It seems the pattern here is the first paragraph comments on how long it has been since I have written things up, my post drafts folder is filled with skeletons of posts that have never really gotten finished off, hopefully this post gets finished.
Since the last post I have finished construction of my basic CNC machine, the Z axis is complete and I make use of a dremel for the cutting head, as there are a wide variety of bits availible on ebay that will suit its 3.175mm collet.
The electronics has remained virtually the same but I have upped the power supply voltage to 24V to get a bit faster stepping speed, and broken out some more pins from the parallel port to allow "touching off" when milling PCB's.
Through poor planning I cant find any photos of the finished rig, if I come across any I will insert them here.
What I can talk about are the tools I have been using for the generation and execution of G-Code, with a few project photos thrown in.
Running the G-Code
Since the end of the last post I have swapped from using Mach3 to LinuxCNC partially because I was only running a trial version of Mach3 and Linux CNC is free, partially because I was getting sick of looking at the interface in Mach3.
Setup was pretty straightfoward, download the live CD, try it out, hit install. Linux CNC even comes with a neat helper tool to allow easy setup and tuning of stepper motor based machine.
The software has been pretty easy to use, and provides a good set of basic functionality, it is however missing all of the little "wizards" that Mach3 had for generation of short jobs like "cut a pocket this size in this location" or "drill this pattern of holes".
I have been using two tools to generate G-Code. F-Engrave a free python program for generating V-Carving toolpaths, and the trial version of cambam, software for the setup of more complex jobs, as well as limited cad functionality.
One problem with milling something with a rotating cutter is that you will always end up with rounded corners in the holes of pockets and cutouts as you are cutting with a circular bit. There are many different solutions that people use to try and counter this. The most common approaches are. Use a CNC machine with more axes, so it is able to cut from a different angle to remove the remaining material, however this is expensive, and beyond what can be knocked up with plywood at home. Over-cut corners, if you need to be able to fit a square bit object into a milled pocket, you can overcut and take out extra materials at the corners to leave a pocket a square object will fit into.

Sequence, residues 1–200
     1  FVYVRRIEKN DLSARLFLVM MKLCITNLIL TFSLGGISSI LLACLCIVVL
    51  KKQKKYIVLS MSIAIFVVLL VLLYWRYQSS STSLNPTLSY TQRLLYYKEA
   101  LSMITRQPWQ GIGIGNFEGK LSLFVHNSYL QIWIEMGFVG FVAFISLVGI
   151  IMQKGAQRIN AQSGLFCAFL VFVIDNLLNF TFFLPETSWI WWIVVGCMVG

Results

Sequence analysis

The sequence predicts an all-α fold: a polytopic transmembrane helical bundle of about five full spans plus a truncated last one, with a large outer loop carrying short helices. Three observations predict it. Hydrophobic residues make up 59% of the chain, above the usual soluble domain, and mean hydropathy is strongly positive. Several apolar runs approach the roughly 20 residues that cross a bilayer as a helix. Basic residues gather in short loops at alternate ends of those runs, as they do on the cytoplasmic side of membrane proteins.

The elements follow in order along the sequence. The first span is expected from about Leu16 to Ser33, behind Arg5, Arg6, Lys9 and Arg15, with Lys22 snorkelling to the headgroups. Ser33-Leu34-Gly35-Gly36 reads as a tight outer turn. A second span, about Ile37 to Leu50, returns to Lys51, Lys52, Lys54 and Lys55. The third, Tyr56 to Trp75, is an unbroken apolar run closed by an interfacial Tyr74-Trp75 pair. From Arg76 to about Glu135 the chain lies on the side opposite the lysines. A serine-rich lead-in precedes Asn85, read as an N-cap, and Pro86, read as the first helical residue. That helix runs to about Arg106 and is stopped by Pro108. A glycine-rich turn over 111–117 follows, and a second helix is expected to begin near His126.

Another option is to reduce the radius of the cutter, the smaller the cutter you use the less rounded and more sharp the inside of a pocket is, the trade-off being the strength of the cutter and how many passes you need to remove the material from the inside of the shape. Which brings us to the last option which is to use a V shaped cutter and some fancy software to be able to use a virtual 0 diameter cutter to get very sharp corners. How it works is by using a V shaped cutter and ramping it towards the surface as you near a corner, producing a finer and finer corner as you reach the surface of the material, while this is not suitable for everything, i.e. fitting a square block into a hole, it works great for tasks like signs.
I used F-engrave to produce a number of items like this including some labels and vinyl stamps.
Cambam is a software package that allows the creation of tool paths from DXF files, it also has and inbuilt editor for editing geometry or creating simple designs. Its a pretty handy program and I think I will end up buying the full version when I run out of trial time.
Due to a combination of camera and computer issues this is more or less the only pictures/video I have of the more or less finished machine
A handy little tool for reducing the amount of milling needed to create PCBs instead of milling precisely around each trace it mills one line between each signal, much faster to mill but produces some off looking tracks.
And that's about it for this project, due to moving houses the setup has been packed away into storage and wont be seen again for months. Overall it was a pretty neat little setup that cost next to nothing, the only money that really went into the project was for the stepper driver boards and a range of end mills, all of which can be procured fairly cheaply from ebay. Everything else was scavenged and jumbled together until this was the result.
Only a slight gap between now and the last post.
I attended AJ2013 as a rover at the start of this year bringing me up to a total of 3 attended Jamborees. First off it was a huge amount of fun and me and pretty much anyone I spoke to who attended had a great time.
Over the course of the jamboree I helped out run the "Challenge it" base, which was completely organized and staffed by rovers. From the start of activities with a 3 day block of bathtub jousting (may I never hear the sound of cast iron being dragged along gravel again) to the more relaxed job of keeping an eye on different obstacles in the obstacle course it was a ball.